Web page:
The Interagency Guidelines Establishing Information Security Standards provide requirements for when a bank must notify its customers about a data breach. The interagency guidelines also discuss affected customers, content of customer notice and delivery of customer notice. Click here to see Supplement A to Appendix B to Part 364 Interagency Guidance on Response Programs for Unauthorized Access to Customer Information and Customer Notice. 

Here is pertinent language from Supplement A to Appendix B to Part 364 of the Interagency Guidelines which provides that if the institution determines that misuse of its information about a customer has occurred or is reasonably possible, it should notify the affected customer as soon as possible: 

III. Customer Notice

A.  Standard for Providing Notice
When a financial institution becomes aware of an incident of unauthorized access to sensitive customer information, the institution should conduct a reasonable investigation to promptly determine the likelihood that the information has been or will be misused. If the institution determines that misuse of its information about a customer has occurred or is reasonably possible, it should notify the affected customer as soon as possible. Customer notice may be delayed if an appropriate law enforcement agency determines that notification will interfere with a criminal investigation and provides the institution with a written request for the delay. However, the institution should notify its customers as soon as notification will no longer interfere with the investigation.

1. Sensitive Customer Information
Under the Guidelines, an institution must protect against unauthorized access to or use of customer information that could result in substantial harm or inconvenience to any customer. Substantial harm or inconvenience is most likely to result from improper access to sensitive customer information because this type of information is most likely to be misused, as in the commission of identity theft. For purposes of this guidance, sensitive customer information means a customer's name, address or telephone number, in conjunction with the customer's social security number, driver's license number, account number, credit or debit card number or a personal identification number or password that would permit access to the customer's account. Sensitive customer information also includes any combination of components of customer information that would allow someone to log onto or access the customer's account, such as user name or password or password and account number.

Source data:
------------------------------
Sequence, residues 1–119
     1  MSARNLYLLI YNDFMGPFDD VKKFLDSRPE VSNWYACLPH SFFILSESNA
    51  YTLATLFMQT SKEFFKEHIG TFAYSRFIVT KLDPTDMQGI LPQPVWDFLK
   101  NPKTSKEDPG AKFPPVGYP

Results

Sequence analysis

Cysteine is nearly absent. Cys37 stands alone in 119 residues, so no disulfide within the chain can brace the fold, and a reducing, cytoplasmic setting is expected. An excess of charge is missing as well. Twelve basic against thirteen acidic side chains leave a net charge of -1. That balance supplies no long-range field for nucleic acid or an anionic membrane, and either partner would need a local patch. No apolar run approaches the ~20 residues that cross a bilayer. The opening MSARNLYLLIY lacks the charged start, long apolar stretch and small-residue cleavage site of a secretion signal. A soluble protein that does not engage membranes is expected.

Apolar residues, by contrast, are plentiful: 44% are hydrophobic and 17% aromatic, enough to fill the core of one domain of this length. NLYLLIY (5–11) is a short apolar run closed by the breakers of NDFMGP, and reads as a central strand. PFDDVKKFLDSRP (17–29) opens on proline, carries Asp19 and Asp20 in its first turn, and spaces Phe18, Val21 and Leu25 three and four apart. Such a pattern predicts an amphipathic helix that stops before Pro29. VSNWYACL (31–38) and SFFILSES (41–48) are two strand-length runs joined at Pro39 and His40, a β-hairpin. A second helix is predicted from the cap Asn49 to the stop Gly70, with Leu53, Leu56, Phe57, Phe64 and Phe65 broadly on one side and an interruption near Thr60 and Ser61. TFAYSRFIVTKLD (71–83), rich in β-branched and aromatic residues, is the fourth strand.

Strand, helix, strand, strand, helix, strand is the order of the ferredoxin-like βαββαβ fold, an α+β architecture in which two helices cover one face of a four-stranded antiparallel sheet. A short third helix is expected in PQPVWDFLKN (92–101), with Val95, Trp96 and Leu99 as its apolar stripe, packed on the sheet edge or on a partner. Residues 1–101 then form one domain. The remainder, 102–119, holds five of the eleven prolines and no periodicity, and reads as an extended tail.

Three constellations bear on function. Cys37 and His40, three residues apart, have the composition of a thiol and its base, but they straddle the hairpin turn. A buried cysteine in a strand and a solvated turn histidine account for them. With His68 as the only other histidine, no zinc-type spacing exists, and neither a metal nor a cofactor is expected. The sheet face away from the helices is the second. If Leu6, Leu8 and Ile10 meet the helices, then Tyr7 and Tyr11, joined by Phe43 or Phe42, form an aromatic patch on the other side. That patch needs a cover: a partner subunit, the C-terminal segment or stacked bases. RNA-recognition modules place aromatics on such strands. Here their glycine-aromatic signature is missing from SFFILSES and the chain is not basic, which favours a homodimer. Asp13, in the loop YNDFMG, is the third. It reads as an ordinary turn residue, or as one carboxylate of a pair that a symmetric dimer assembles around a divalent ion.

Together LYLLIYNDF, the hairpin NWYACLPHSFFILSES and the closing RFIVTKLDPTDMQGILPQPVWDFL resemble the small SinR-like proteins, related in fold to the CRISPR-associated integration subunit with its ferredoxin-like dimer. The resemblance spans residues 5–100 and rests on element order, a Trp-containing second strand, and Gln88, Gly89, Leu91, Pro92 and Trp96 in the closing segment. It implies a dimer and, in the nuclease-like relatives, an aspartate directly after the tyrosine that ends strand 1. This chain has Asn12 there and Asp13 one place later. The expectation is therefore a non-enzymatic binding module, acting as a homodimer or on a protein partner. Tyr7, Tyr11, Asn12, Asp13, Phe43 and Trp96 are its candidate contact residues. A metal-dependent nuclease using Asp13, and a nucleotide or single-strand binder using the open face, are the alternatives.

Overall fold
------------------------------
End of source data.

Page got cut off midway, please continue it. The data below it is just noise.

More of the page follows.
FDIC Information Technology Contact

If your bank would like to speak with a regulator about regulations pertaining to banks and data breaches, Matt Cheney with the FDIC is someone that you can contact. Here is his contact information:

Matt Cheney
FDIC IT Examination Specialist in the Division of Risk Management Supervision
Dallas Regional Office
600 North Pearl Street, Suite 700
Dallas, Texas 75201 
Office: (972) 761-2032

Louisiana Database Security Breach Notification Law

On the state level, we have Louisiana Database Security Breach Notification Law, R.S. 51:3071, et seq. Click here to see R.S. 51: 3071 et seq. This is a broad law that covers any person that conducts business in the state or that owns or licenses computerized data that includes personal information, or any agency that owns or licenses computerized data. 

Note: There is a safe harbor provided in Section 3076 for financial institutions who are subject to and in compliance with certain Federal Interagency Guidance on Response Programs for Unauthorized Access to Customer Information and Customer Notice. Click here to see R.S. 51:3076.

Bank Cyber Insurance

If a bank has a suspicion that they may be affected, they should notify their cyber insurance carrier of a potential breach.

Third-Party Vendors

Bankers should also consider discussing the MOVEit data breach with their third-party vendors to determine whether there are any potential issues.

LBA Complimentary Webinar

The LBA has scheduled a complimentary member webinar on cybersecurity and data breaches titled, "The Rising Tide of Data Breaches," presented by  J. T. Malatesta, partner with the law firm of Maynard Nexsen. J. T. practices in the areas of cybersecurity and privacy law. The webinar will be held Aug. 18, 2023, from 10-11 a.m. We will be releasing information about it soon—check the LBA's online education calendar for more information and to register.